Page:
A new peer-reviewed paper in the journal Bioscience draws attention to potential hazards on nontarget species of pesticides and GMOs made with RNA-interference (RNAi) gene-silencing techniques. These hazards could include off-target gene silencing or immune stimulation.
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RNAi-Based Insecticidal Crops: Potential Effects on Nontarget Species
Authors: Jonathan G. LundGren and Jian J. Duan (USDA Agricultural Research Service)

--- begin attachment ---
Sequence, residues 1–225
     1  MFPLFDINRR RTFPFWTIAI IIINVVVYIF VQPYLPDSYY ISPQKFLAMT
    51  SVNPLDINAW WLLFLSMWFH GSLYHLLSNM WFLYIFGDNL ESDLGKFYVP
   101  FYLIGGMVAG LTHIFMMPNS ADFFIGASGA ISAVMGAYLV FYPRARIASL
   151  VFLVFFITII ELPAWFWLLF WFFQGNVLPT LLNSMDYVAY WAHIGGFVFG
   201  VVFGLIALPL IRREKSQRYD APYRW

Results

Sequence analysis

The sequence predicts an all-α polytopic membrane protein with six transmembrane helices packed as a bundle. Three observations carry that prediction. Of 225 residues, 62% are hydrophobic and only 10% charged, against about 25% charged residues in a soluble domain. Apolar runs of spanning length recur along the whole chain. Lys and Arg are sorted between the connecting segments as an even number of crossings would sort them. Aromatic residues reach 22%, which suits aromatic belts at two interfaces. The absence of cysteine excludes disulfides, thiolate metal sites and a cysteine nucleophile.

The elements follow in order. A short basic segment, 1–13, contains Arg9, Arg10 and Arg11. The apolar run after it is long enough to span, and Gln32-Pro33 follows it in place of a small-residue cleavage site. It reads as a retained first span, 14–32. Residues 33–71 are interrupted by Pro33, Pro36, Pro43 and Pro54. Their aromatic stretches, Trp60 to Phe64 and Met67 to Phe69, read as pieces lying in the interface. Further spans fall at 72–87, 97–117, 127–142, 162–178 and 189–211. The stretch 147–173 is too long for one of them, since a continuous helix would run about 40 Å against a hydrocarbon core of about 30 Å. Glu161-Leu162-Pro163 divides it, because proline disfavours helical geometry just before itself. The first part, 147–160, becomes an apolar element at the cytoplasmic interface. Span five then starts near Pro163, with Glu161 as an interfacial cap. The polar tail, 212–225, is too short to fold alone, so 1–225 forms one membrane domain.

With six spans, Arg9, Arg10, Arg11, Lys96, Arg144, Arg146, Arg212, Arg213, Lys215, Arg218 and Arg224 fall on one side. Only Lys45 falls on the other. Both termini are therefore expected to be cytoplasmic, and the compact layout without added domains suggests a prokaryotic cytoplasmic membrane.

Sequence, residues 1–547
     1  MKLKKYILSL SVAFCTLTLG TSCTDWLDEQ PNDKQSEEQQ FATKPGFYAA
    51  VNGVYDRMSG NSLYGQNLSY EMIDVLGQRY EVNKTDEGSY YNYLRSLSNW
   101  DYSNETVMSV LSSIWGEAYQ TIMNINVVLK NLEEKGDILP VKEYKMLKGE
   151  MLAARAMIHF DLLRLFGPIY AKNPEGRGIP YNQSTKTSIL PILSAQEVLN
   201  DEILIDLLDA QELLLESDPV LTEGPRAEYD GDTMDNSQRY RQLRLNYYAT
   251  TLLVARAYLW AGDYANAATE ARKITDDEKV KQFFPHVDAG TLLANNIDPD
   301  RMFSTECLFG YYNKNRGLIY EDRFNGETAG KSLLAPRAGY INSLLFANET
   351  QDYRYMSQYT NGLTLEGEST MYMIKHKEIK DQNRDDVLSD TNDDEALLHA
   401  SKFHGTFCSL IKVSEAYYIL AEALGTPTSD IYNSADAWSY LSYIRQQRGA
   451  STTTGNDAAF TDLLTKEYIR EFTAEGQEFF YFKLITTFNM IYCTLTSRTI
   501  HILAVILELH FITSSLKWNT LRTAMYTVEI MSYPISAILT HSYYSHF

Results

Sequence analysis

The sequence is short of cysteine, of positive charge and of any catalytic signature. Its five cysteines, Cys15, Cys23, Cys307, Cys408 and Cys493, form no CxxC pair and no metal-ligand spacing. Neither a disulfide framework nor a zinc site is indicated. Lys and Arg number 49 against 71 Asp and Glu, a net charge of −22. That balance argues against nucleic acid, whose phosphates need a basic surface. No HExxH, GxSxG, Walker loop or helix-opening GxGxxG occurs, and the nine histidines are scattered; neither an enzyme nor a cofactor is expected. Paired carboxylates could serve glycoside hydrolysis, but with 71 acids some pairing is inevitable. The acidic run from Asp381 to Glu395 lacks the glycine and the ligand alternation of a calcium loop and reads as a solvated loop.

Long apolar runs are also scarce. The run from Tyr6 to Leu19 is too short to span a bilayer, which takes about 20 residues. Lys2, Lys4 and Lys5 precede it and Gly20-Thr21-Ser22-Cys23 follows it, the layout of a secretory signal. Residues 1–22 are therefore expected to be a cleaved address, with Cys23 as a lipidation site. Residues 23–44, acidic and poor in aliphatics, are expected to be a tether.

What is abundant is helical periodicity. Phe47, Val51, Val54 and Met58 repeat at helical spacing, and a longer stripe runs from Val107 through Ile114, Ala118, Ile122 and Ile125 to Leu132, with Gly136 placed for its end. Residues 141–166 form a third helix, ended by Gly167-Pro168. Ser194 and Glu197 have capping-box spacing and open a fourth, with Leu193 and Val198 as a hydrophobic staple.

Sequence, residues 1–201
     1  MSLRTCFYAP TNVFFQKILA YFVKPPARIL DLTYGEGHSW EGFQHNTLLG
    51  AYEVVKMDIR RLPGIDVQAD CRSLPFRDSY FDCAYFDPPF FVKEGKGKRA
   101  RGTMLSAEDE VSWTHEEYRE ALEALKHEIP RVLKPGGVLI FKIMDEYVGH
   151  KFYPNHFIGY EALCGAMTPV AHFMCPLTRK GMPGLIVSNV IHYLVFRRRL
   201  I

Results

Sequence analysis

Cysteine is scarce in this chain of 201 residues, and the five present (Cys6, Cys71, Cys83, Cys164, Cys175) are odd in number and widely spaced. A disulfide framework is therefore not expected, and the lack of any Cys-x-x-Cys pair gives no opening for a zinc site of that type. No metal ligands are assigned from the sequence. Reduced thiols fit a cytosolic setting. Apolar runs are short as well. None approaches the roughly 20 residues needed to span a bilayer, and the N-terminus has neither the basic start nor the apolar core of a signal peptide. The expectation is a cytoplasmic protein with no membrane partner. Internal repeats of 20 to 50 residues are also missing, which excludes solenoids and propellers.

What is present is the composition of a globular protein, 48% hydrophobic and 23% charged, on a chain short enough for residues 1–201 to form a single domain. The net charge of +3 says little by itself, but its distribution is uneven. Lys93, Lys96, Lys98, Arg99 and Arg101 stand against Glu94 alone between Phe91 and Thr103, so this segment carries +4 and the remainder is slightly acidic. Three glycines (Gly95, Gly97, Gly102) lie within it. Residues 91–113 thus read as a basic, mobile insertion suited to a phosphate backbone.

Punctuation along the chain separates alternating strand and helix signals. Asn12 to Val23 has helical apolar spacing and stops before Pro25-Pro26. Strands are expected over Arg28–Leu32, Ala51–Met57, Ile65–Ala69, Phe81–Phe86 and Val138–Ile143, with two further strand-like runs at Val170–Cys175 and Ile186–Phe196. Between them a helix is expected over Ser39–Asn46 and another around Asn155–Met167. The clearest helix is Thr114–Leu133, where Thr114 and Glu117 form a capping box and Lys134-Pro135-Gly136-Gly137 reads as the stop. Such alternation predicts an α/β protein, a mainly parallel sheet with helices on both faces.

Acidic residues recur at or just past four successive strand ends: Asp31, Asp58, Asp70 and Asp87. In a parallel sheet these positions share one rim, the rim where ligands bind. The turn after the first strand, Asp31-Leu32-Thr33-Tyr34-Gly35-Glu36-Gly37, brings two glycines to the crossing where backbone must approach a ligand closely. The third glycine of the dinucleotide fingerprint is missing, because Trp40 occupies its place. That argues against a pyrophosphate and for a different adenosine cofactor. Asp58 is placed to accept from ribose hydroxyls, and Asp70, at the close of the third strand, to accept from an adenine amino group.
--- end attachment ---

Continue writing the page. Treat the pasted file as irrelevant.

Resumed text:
The potential hazards posed by RNA interference (RNAi)–based pesticides and genetically modified crops to nontarget organisms include off-target gene silencing, silencing the target gene in unintended organisms, immune stimulation, and saturation of the RNAi machinery. Nontarget organisms will vary in their exposure to small RNAs produced by genetically modified crops at a previously unrealized scale. Areas that warrant future work include the persistence of insecticidal small RNAs in the environment, describing crop-based food webs to understand those species that are most exposed, sequencing genomes for species to proactively understand those that may be affected by RNAi, and substantiating that laboratory toxicity testing can accurately predict the field-level effects of this technology. The costs and benefits of pesticidal RNA must be considered relative to current pest management options as pesticidal RNAs move from a theoretical approach to being used as a practical tool.